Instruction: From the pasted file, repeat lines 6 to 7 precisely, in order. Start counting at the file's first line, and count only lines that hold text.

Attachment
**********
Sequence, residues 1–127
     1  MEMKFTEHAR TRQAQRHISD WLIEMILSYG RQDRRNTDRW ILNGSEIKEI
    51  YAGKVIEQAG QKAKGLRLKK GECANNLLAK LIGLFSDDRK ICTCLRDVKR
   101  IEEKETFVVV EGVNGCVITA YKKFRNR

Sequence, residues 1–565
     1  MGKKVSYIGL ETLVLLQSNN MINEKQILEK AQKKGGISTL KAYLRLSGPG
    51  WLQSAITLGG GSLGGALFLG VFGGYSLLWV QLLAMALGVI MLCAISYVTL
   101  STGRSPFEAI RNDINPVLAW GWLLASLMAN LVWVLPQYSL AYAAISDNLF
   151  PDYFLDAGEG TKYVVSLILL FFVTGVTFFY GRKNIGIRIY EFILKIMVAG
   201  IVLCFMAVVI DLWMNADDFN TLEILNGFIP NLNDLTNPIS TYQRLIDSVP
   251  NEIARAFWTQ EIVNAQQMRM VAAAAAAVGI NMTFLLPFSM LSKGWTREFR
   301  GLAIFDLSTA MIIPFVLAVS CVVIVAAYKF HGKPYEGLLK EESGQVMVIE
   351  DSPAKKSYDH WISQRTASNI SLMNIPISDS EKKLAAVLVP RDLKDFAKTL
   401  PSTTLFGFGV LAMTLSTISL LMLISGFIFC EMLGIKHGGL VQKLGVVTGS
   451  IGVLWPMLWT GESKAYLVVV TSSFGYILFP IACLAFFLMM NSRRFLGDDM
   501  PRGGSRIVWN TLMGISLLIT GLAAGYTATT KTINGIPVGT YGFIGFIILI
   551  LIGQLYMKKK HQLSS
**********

     1  MGKKVSYIGL ETLVLLQSNN MINEKQILEK AQKKGGISTL KAYLRLSGPG
    51  WLQSAITLGG GSLGGALFLG VFGGYSLLWV QLLAMALGVI MLCAISYVTL